The issue wasn’t the fact that a gift was sent; the kerfuffle was over the fact that the gifts were pricey items retailing at just under $200. There is a cap that these promotional items are not permitted to exceed—$95. In order to cut down on the cost and make things fair, voters were instructed to send one bottle back. With so many people loyal to Tom Ford’s fashion lines—and his incredibly popular fragrances—it wouldn’t be surprising if some of the recipients sent back an empty box.
Scientists from the University of Central Florida were inspired by the self lacing shoes from the movie Back To The Future. They are developing a way for clothing to store energy to power nano technology without every needing to be plugged in.
Professor Jayan Thomas from UCF received a R&D 100 Award for his development of cables that can store energy like batteries. He then came up with the idea of using that similar technology to combine it with solar cells. He intends to later implement this technology to be used with high tech clothing just like in his favorite movie.
He and his team have been developing thin copper filaments that store energy. The filaments have both solar cells and energy storing layers. The were able to weave such ribbons into spools of yarn. This concept may be able to charge cell phones, connect health tracking devices and other tiny gadgets. This technology could prove to be very useful with electric cars, allowing charging and storing without relying on charging up at stations.
Thomas suggests that such an idea would be useful for military and police uniforms. Soldiers that are deployed in the Middle East are exposed in the sun for long hours, making it ideal to charge the solar cells. Lightweight solar technology will also reduce the need to carry around heavy batteries.
While leather has been a fashionable material for centuries, its cultivation is growing more costly between the costs of raising cattle, the toxic tanning process for hide and the perception of slaughtering an animal. Inspired by these concerns and looking to keep the feel and look of leather en vogue, companies like Mycoworks have looked to mushrooms for alternative materials.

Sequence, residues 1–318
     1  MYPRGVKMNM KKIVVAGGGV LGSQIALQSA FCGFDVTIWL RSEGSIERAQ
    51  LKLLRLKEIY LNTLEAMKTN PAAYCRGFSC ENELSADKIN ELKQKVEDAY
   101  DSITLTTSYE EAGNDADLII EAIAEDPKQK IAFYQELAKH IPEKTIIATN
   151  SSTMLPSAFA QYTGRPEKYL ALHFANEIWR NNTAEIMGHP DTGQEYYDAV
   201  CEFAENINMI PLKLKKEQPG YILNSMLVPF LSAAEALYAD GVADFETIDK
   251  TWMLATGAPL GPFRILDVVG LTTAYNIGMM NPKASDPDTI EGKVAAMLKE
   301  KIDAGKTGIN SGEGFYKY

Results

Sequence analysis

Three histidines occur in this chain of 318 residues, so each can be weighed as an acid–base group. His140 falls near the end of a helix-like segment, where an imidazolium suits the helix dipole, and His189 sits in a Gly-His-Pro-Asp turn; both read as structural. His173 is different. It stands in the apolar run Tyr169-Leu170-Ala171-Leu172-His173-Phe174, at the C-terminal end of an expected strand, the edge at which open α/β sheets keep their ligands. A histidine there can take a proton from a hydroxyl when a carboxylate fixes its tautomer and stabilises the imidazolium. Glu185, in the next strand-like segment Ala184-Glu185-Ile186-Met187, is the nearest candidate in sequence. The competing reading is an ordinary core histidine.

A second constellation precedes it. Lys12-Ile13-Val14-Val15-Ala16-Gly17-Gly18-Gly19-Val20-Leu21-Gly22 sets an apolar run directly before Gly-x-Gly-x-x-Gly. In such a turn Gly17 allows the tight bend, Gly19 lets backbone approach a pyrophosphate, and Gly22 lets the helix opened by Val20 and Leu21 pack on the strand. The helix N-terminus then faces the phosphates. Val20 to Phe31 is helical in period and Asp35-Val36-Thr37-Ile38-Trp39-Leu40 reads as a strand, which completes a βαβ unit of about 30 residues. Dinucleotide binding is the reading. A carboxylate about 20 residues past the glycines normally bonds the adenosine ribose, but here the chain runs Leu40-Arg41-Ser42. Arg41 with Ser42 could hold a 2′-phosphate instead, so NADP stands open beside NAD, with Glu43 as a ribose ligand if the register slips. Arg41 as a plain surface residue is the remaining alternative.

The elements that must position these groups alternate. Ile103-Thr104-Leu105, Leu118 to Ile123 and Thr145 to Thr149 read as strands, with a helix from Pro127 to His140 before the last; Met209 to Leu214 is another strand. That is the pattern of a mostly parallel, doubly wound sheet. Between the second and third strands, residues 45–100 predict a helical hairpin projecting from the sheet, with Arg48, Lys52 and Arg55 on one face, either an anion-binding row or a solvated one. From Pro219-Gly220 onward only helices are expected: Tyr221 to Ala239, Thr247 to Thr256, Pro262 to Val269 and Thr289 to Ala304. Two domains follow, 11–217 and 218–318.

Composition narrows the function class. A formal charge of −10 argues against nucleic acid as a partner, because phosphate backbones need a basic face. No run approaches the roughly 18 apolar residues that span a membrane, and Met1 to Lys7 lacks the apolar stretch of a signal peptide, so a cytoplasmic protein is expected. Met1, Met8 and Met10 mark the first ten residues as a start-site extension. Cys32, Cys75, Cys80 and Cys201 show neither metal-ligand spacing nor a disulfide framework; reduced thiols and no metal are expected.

Phil Ross, artist and founder of the company, is working to “grow” leather from mycelium, the dense root portion of mushrooms. Much like cow hide, mycelium is the flesh of a mushroom. Through manipulation of temperature and humidity, Ross’ company has figured out a means by which to make substances that mirror the leather derived from cow, snake and ostrich. In addition to closely resembling actual leather, Ross’ approach costs less energy, makes less of an environmental impact and is biodegradable.
The mycelium is also free to be worked with while it is still growing. This flexibility means that designers can naturally add components like fish-eye rings and zippers without the need for stitching or changing textures. Ross remarks that his company is an example of how art can spawn an entire industry, quipping that many artists can survive if their work is more valuable to businesses than for their inherent artistic quality.
Ross has been crafting mycelia pieces for three decades. While initially drawn to reichi mushrooms for medicinal qualities, Ross soon learned that a diet of sawdust and other wastes could nudge their development into solid, workable materials.
Vegans don’t wear fur, wool or leather, which somewhat limits their fashion choices, however, unless someone lives in a cold region of the nation, fur and wool are not really necessary. Leather is fun though, and until now, there were no synthetic substitutes that didn’t look like cheap plastic. Phil Ross, founder of Mycoworks, is redefining fashion for vegans with his new leather substitute made from mushroom skin.
Durable, water-resistant, breathable and as strong as leather, Ross’ new material, mycelium, has the luxurious feel of leather, yet it contains no animal products. Textures grow into the mushroom skin to give it the appearance of cow or ostrich skins; even features such as zippers are grown right into mycelium, giving it a definite advantage over leather.
Mycelium will appeal to more people than just vegans; anyone who cares about the environment understands that raising livestock is a resource–intensive process, while mycelium incorporates agricultural byproducts, such as pistachio skins, that would otherwise go to waste.
Ross isn’t just making faux leather coats and wallets for vegans, he found that he can grow mycelia in a mold to fashion biodegrade bricks for buildings that insulates against sound and heat, are fire-resistant and are strong enough to stop a bullet. Along with Ross, co-founders Sophia Wang and Eddie Pavlu are interested in making furniture and building materials from reichi mushrooms; there is already a tea room in Germany made mushroom bricks.